energy to form the boundary. As the surface to grain boundary energy ratio in
ZnO is significantly higher, this energy barrier is not as present, and grain
boundary is more freely formed. This suggests that the absolute energies are
not of prime importance, but the relative energies would be governing nanosintering.
Sintering experiments showing the behavior of MgO, ZnO, and doped MgO
under heat treatment. Though kinetics plays a major role, nanoenergetics
is proven to be way to improve nanosintering. (γS is
surface energy and γGB is grain boundary energy)
The effect of the energy ratio on the nanostructure evolution is clearly seen
when doping MgO samples with CaO. As this dopant is observed to change the interface
energies without significantly changing the kinetics, one can somehow isolate
the energetic effects from kinetics. Observing the microstructure of doped MgO
after sintering and comparing to MgO and ZnO, there are much more similarities
with ZnO microstructure, consistently with the energetics trend.
A logical application of this approach would be in the improvement of sintering
itself. One of the main challenges in ceramic sintering industries is to obtain
dense parts with controlled shrinkage and controlled grain sizes. This control
is currently only done on a kinetic basis, by using dopants to control densification
mechanisms. The thermodynamic approach can help to identify how dopants affect
densification driving forces, providing a tool to further optimize the industrial
composition design of nanoceramics.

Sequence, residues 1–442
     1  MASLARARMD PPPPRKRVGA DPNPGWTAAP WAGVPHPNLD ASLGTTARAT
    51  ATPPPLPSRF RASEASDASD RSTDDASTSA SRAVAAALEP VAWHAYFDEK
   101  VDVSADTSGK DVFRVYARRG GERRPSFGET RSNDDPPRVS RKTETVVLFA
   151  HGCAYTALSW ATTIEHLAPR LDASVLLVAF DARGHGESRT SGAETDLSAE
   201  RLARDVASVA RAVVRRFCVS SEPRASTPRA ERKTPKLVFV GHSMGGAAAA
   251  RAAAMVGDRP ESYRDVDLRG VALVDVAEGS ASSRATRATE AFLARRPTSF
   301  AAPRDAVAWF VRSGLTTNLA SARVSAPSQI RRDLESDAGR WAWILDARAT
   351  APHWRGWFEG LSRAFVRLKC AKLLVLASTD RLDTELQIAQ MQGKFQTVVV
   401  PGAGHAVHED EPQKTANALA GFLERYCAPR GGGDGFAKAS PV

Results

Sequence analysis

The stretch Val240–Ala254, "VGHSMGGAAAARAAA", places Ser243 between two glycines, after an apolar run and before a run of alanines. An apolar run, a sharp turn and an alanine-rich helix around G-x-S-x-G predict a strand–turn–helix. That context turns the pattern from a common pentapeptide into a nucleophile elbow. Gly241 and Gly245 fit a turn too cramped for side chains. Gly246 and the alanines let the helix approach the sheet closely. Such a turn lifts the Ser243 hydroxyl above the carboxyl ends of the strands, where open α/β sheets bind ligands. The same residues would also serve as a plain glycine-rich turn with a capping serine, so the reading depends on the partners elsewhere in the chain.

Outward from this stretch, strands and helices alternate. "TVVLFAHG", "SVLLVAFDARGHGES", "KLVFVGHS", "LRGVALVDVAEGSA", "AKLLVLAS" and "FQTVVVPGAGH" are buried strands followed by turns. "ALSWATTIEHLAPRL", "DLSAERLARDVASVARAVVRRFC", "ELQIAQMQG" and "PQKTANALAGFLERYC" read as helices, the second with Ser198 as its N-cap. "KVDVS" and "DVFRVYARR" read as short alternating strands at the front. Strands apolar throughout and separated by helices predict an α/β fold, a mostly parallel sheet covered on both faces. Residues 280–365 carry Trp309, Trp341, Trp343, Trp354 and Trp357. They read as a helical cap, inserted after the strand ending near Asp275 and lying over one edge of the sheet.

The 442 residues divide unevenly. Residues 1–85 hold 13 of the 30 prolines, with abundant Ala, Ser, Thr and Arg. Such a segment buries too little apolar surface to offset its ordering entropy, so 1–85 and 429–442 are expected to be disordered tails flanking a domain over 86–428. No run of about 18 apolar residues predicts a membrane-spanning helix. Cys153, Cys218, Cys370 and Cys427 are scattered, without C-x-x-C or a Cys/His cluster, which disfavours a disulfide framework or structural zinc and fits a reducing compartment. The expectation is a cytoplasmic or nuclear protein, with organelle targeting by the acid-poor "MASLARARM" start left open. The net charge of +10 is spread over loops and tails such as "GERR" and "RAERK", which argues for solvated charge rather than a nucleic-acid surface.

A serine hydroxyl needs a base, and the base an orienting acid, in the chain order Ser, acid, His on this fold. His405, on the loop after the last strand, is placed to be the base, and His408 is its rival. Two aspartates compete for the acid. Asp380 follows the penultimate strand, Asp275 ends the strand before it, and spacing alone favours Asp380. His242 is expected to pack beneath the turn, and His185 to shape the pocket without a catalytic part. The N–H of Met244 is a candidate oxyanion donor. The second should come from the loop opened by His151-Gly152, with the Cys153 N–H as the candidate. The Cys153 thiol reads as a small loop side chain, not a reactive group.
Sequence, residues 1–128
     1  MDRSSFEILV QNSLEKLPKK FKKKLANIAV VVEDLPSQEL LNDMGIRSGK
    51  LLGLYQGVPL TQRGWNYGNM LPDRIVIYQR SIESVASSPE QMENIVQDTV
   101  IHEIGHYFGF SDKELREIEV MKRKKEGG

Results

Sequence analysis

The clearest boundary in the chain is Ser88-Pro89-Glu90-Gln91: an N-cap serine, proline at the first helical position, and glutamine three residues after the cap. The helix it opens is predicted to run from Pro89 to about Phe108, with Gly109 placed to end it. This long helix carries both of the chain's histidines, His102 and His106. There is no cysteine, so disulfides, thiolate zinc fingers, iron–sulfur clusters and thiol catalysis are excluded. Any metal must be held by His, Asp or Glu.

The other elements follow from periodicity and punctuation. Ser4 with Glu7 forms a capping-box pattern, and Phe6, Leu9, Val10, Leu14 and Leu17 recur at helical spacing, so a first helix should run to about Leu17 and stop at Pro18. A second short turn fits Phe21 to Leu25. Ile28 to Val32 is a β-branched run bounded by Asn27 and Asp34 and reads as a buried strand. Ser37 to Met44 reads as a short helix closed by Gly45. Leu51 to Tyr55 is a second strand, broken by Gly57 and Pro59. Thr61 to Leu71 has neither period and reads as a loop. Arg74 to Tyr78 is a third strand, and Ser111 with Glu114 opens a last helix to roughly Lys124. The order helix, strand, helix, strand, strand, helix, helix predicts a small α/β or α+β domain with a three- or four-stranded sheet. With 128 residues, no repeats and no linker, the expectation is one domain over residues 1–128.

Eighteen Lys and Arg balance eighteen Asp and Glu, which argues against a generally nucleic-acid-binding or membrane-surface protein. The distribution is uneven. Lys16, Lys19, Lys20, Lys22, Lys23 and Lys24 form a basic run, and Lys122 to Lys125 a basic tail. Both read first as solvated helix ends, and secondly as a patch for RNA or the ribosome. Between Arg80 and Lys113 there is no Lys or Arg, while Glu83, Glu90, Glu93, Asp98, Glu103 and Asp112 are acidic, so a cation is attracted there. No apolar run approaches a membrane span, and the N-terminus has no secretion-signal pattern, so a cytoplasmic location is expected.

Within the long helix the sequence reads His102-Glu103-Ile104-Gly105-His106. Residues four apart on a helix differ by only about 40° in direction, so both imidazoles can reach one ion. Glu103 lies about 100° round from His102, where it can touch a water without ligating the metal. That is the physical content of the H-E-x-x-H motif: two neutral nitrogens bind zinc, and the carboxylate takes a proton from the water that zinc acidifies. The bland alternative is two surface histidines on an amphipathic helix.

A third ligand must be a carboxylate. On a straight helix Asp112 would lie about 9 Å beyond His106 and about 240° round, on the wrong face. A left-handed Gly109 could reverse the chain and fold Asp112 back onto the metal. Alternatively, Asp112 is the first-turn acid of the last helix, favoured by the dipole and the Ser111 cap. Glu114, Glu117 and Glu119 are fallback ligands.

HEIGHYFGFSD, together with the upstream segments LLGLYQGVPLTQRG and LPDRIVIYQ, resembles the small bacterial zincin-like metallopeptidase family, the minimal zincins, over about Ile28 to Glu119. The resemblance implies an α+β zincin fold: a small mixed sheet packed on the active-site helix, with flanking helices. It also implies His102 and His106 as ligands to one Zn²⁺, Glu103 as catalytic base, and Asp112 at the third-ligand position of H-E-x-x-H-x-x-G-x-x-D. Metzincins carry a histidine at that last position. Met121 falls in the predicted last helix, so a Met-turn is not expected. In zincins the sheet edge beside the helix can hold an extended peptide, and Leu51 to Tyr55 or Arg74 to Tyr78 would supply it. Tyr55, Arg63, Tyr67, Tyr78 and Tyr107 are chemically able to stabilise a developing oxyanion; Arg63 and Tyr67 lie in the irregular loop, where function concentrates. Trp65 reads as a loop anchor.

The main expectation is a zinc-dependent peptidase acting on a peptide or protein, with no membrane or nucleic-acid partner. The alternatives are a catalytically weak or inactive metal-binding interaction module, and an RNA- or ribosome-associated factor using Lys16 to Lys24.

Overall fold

Another application would be to induce particular shapes and long range ordering
of nanoparticles as a consequence of interface energy minimizing. This can be
driven by changing the energetics of selected planes to force certain preferential
growth. The idea lies on the fact that the surface energies are not unique on
a particle, meaning that, because of the crystal structure, different crystal
facets are present at the surface of a particle. Each of those facets has a
different energy, and could be independently controlled. Since the higher energy
surfaces grow faster, a fine control of those energies by using specific atmospheres,
liquid phases, or dopants can promote the growth of different morphologies,
such as star-like and nanowires12(Figure 4).
Faceted nanoparticles with exposed planes of different interface energies
can rearrange or grow to distinct shapes and rearrange spontaneously.
Measuring Interface Energies
The measurement of interface energies is not a simple task at all, and therefore
limited data is available in the literature to be exploited in the nano-control
strategy discussed here. Thermochemistry has been proposed as a very powerful
technique to determine accurate interface energies for nanoceramics13,14.
Briefly, the idea of these calorimetric measurements is to evaluate the heat
released during the dissolution of samples with similar shapes, but different
interface areas (Figure 5).
(Left) Typical result of surface energy measurements using DS. The surface
gives an excess energy that is proportional to the surface area and
measured as a difference in the enthalpy of DS. (Right) Setup for the
measurement of enthalpy of drop solution (DS). Solvent is kept at 702
°C and sample is dropped from room temperature to be dissolved.
A thermochemical cycle accounts for the reactions during dissolution.
As the excess energy is directly proportional to the interface areas, a good
characterization of the samples will provide absolute values for the interface
energies. This technique can be used to virtually any crystalline material,
as the only requirement is a relatively high interface area to make it measurable.
The perspectives are that this technique will be able to provide lots of data
to improve the control of nanostructure on a thermodynamics basis. This may
be a breakthrough in the nanotechnology, but is still in the beginning of its
potentials. We may dream however on being capable of tuning the interface energies
of nanomaterials such that they can assemble themselves spontaneously the way
we want them to, promoting macro organized shapes, with mesopores for catalysis
applications, controlled contacts for battery cathodes, aligned channels for
molecular filtering, etc. Well, perhaps this dream is not that far away of becoming